Biomaterials for Cancer Therapeutics

Biomaterials for Cancer Therapeutics

Diagnosis, Prevention and Therapy

1st Edition - October 21, 2013
There is a Newer Edition Available
  • Editor: Kinam Park
  • eBook ISBN: 9780857096760
  • Hardcover ISBN: 9780857096647

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Description

Cancer can affect people of all ages, and approximately one in three people are estimated to be diagnosed with cancer during their lifetime. Extensive research is being undertaken by many different institutions to explore potential new therapeutics, and biomaterials technology is now being developed to target, treat and prevent cancer. This unique book discusses the role and potential of biomaterials in treating this prevalent disease.The first part of the book discusses the fundamentals of biomaterials for cancer therapeutics. Chapters in part two discuss synthetic vaccines, proteins and polymers for cancer therapeutics. Part three focusses on theranosis and drug delivery systems, whilst the final set of chapters look at biomaterial therapies and cancer cell interaction.This extensive book provides a complete overview of the latest research into the potential of biomaterials for the diagnosis, therapy and prevention of cancer. Biomaterials for cancer therapeutics is an essential text for academics, scientists and researchers within the biomedical industry, and will also be of interest to clinicians with a research interest in cancer therapies and biomaterials.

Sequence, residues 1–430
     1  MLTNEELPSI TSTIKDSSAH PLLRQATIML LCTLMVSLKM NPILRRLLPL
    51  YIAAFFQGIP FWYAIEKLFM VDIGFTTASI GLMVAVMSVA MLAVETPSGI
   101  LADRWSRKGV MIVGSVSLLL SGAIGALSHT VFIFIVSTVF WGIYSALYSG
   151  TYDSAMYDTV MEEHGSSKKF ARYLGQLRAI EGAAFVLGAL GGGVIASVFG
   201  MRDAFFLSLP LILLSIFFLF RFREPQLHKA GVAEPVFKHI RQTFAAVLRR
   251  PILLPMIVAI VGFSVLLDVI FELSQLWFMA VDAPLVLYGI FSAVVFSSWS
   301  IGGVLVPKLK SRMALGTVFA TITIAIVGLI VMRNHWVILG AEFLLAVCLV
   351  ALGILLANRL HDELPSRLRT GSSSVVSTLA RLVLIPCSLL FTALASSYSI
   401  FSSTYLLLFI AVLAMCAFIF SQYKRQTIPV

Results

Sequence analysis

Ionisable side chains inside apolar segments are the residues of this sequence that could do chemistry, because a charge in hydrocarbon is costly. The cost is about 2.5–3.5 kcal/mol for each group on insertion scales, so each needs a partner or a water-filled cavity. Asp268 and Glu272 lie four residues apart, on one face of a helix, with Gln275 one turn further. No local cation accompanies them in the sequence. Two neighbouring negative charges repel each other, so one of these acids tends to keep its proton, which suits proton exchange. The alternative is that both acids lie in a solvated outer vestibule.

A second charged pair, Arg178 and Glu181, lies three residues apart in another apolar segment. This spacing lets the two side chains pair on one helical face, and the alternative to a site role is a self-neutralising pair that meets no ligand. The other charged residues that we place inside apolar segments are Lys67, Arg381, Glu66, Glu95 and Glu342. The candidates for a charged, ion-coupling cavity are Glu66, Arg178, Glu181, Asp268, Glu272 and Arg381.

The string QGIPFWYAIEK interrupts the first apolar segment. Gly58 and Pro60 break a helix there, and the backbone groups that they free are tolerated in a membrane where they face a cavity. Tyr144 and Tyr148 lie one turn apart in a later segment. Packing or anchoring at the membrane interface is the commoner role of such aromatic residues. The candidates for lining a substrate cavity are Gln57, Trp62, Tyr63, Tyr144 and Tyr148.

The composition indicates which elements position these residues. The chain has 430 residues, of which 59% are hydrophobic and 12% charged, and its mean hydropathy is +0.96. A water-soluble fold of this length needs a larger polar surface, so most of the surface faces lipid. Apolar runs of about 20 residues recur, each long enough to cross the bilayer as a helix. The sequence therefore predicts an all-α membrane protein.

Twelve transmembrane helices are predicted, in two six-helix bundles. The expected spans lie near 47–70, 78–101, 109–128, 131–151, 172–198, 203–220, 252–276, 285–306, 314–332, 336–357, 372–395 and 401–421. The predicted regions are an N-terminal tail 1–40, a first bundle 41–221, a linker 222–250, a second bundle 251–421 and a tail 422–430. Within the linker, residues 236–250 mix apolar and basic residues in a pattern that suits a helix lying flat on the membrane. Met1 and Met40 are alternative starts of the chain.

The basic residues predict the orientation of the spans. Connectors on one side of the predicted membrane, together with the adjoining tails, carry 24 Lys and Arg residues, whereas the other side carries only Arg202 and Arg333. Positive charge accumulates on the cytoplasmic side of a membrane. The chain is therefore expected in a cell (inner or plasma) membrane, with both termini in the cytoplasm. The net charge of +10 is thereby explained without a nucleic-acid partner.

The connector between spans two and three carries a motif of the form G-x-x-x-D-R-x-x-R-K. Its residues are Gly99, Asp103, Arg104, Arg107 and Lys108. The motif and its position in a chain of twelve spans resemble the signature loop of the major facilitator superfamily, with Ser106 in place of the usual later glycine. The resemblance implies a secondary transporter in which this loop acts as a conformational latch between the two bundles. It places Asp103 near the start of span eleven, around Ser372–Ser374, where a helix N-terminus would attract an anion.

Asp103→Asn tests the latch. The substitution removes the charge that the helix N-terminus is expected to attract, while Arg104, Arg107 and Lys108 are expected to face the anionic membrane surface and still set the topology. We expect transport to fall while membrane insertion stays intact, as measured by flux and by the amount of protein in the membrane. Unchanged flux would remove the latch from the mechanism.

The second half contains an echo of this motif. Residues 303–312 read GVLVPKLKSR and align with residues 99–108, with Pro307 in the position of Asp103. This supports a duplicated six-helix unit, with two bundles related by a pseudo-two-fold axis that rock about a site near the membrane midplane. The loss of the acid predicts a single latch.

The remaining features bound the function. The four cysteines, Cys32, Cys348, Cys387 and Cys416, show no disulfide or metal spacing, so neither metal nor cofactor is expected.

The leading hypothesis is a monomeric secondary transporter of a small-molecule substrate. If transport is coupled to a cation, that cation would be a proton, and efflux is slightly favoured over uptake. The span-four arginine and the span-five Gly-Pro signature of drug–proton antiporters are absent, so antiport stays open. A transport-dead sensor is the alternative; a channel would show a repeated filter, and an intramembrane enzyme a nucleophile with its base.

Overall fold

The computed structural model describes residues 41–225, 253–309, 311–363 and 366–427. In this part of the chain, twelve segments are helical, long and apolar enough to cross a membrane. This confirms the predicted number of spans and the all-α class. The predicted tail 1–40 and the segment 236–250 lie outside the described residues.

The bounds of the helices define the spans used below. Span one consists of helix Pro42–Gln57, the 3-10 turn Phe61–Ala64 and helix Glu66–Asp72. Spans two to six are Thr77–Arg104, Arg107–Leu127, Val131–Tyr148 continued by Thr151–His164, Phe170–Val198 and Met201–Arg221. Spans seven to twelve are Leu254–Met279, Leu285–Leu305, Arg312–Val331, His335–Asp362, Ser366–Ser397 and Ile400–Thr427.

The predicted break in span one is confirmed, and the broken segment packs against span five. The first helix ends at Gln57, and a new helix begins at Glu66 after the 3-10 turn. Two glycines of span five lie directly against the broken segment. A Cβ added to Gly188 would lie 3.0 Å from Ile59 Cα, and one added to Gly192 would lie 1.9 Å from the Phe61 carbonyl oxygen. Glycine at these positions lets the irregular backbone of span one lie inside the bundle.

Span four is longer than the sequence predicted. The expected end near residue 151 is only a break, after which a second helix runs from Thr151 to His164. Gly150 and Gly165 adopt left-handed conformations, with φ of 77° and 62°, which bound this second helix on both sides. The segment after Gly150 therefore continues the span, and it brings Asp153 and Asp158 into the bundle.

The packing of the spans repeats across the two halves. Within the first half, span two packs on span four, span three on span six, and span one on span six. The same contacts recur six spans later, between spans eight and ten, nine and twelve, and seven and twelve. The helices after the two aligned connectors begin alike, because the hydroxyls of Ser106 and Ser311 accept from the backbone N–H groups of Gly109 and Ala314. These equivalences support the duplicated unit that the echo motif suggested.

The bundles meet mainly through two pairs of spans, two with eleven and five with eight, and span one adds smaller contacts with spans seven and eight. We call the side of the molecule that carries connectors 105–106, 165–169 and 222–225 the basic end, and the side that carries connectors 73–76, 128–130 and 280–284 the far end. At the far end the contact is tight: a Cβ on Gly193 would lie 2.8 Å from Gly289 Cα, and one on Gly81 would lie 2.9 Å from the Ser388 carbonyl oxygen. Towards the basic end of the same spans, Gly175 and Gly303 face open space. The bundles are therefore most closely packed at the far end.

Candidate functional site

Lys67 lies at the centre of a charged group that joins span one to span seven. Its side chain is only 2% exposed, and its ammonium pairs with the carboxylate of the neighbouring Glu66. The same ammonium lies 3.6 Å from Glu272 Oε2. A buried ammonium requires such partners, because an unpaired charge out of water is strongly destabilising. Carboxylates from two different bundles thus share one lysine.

Key Features

  • A complete overview of the latest research into the potential of biomaterials for the diagnosis, therapy and prevention of cancer
  • Discusses the fundamentals of biomaterials for cancer therapeutics
  • Discusses synthetic vaccines, proteins and polymers for cancer therapeutics